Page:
WORD LISTS

"The Lemonade War" by Jacqueline Davies, Chapters 1–4

January 2, 2019
Siblings Evan and Jessie engage in an all-out war to sell the most lemonade before school starts.

Here are links to our lists for the novel: Chapters 1–4, Chapters 5–9, Chapters 10–14
slump
slump (slŭmp) n. A drop in the activity of a business or the economy.
humiliate
Evan knew he was being mean, and he hated being mean, especially to her. But he couldn't help it. He was so angry and so humiliated and so full of bats, there was nothing else he could be.
dissolution
breakup (brāk'up') n. Dissolution of a unit, an organization, or a group of organizations. The Justice Department sometimes forces the breakup of a large corporation into several smaller companies.
corporation
breakup (brāk'up') n. Dissolution of a unit, an organization, or a group of organizations. The Justice Department sometimes forces the breakup of a large corporation into several smaller companies.
puny
He would show them all that she was okay. Not some puny second-grader who didn't really belong.
fluorescent
This was the first year Jessie was old enough to participate, and she had begged her mom to buy foam core and gel pens and fluorescent paper and special stickers for her display.
determined
She was determined to win the prize money: a hundred dollars!
joint
joint venture ( joint vĕn'char) n. Two or more people joining forces to sell a certain amount of goods or to work on a single project. When the goods are sold or the project is finished, the joint venture ends.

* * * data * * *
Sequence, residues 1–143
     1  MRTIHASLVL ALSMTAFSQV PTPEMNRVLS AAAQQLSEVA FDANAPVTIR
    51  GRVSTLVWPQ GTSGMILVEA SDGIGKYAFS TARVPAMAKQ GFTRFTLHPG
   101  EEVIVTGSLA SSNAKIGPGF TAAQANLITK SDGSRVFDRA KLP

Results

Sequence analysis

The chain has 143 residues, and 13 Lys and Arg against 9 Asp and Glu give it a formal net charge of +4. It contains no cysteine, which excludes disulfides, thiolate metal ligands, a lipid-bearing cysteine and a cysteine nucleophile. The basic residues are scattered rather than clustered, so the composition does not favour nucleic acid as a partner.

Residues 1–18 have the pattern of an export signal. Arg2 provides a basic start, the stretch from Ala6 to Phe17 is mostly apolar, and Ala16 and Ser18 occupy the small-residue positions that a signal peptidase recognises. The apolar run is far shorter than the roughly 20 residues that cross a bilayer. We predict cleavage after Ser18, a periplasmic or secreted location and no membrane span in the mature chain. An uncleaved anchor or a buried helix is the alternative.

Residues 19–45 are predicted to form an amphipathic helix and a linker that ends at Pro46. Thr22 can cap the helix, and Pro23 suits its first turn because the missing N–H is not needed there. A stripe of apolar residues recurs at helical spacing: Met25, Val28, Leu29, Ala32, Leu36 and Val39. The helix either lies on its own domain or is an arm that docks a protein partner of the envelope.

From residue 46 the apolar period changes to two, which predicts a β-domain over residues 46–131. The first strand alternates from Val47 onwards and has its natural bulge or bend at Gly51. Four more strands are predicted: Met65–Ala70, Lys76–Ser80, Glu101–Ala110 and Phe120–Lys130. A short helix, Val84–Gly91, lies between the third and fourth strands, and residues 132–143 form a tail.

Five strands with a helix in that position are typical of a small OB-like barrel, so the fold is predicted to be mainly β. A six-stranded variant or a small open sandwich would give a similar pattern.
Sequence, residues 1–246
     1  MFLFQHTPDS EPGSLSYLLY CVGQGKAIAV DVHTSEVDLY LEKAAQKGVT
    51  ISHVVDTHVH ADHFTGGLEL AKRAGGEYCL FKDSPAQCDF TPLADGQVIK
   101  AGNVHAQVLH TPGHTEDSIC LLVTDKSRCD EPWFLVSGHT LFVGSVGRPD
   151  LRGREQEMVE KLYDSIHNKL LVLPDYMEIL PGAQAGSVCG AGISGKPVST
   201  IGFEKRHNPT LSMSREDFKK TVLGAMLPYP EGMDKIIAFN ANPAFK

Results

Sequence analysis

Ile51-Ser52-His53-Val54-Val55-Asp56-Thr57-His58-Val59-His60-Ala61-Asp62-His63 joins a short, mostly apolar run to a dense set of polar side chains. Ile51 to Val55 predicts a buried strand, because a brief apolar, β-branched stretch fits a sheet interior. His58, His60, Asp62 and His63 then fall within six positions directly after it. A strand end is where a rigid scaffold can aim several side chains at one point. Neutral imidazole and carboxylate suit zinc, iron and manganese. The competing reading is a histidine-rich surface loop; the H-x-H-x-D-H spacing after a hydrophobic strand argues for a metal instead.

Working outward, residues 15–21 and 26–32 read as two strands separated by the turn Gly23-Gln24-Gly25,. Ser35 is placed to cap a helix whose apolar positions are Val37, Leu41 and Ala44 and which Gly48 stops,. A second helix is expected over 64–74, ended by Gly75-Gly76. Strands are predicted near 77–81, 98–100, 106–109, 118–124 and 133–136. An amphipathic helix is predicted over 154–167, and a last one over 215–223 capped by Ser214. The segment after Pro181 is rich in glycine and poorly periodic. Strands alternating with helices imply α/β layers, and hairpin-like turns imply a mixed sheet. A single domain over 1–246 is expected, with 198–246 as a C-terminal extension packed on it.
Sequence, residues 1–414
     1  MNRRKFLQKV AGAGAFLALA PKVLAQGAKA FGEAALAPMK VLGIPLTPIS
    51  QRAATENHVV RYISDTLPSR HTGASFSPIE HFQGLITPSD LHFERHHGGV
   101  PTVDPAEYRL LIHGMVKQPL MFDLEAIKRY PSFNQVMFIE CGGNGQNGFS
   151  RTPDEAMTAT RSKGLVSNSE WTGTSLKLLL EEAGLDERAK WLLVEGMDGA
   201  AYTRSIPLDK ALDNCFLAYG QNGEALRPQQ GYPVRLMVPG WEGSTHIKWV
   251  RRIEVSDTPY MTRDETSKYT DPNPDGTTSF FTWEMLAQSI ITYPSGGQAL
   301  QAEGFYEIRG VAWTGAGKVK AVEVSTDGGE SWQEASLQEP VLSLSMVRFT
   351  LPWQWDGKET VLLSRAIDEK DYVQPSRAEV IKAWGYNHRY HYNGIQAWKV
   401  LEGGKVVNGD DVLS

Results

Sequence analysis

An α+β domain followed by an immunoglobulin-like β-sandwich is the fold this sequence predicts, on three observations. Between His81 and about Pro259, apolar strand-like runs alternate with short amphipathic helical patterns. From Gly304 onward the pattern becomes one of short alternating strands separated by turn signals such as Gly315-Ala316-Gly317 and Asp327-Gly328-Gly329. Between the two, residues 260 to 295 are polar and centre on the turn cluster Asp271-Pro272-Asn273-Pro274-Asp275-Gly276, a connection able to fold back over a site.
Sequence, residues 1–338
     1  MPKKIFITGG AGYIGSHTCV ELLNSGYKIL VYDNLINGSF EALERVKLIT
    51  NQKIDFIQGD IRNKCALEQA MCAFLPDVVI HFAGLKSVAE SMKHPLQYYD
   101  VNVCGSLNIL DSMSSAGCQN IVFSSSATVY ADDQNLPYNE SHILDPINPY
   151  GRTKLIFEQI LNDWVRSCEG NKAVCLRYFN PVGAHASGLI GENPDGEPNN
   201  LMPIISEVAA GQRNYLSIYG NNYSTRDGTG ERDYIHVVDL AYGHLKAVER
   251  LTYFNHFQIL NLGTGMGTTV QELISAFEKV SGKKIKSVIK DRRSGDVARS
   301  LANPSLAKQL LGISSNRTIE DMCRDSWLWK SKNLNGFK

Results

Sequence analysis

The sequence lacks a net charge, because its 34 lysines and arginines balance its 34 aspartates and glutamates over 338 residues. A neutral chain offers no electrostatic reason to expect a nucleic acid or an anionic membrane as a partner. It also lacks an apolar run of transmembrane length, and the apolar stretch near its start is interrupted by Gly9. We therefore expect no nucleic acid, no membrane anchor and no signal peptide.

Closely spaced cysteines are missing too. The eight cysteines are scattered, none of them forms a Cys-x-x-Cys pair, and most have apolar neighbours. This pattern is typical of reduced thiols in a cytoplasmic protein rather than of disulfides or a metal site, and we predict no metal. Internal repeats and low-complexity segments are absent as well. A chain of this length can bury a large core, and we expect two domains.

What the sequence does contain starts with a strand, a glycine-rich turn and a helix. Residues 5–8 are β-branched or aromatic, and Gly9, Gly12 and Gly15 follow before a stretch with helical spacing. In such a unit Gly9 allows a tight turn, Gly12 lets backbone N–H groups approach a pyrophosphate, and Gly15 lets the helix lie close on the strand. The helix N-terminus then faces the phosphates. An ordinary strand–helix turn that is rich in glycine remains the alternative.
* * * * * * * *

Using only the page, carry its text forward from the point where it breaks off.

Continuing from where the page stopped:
venture
joint venture (joint vĕn'char) n. Two or more people joining forces to sell a certain amount of goods or to work on a single project. When the goods are sold or the project is finished, the joint venture ends.
vendor
It was one of those large red plastic cups that vendors use at professional baseball games.
infestation
His mom had been battling a mad fruit-fly infestation ever since the weather had turned really warm.
tense
Evan's shoulders tensed up.
expectant
"Dude, you're—" Evan sat up expectantly and looked down the street. "Hey, here comes our first customer."
pedestrian
Within five minutes, there was a small crowd of neighborhood kids and pedestrians buying lemonade from the stand.
consultant
Mrs. Treski knew about these things because she was a public relations consultant.
client
She'd even written a booklet called Ten Bright Ideas to Light Up Your Sales for one of her clients.
lull
During a lull in business, Evan walked all around the stand, picking up discarded plastic cups.
optimist
That sounded high, even to him, but Evan was an optimist.
ferocious
The sun beat down on them so ferociously that it was easy to imagine the sidewalk cracking open and swallowing them whole.
hatch
They sat in silence, feeling the heat suck away every bit of their energy. Evan was hatching a plan.
drone
He imagined himself wearing it as he walked to school. Wearing it on the playground. Hey, Megan. Yeah, it’s my iPod. Sweet, huh? Wearing it in class when the teacher droned on about fractions and percents.
scramble
While Scott was scrambling for his hat, Evan said, "Just hang here for a minute, okay?" and set off down the street.
sneer
Evan couldn't believe it: She sneered at him.
chant
All the kids from Mrs. Pawley's backyard were chanting, "Lemon-ADE! Lemon-ADE! Lemon-ADE!"
stalk
And then he stalked off, all stiff-legged and bristly.
bristly
And then he stalked off, all stiff-legged and bristly.
hybrid
Or when she accidentally—well, not accidentally, but how was she supposed to know?—picked the red flowers in Grandma's garden that were a hybrid experiment.
pathetic
From past experience, she'd learned that having a lemonade stand alone wasn't considered cool—it was considered pathetic.
cheapskate
You don't want to pour less than that, or people will say you're being a cheapskate.
verge
And just when Jessie and Megan were on the verge of running out, Mrs. Moriarty went to the store and bought three more cans—free of charge!

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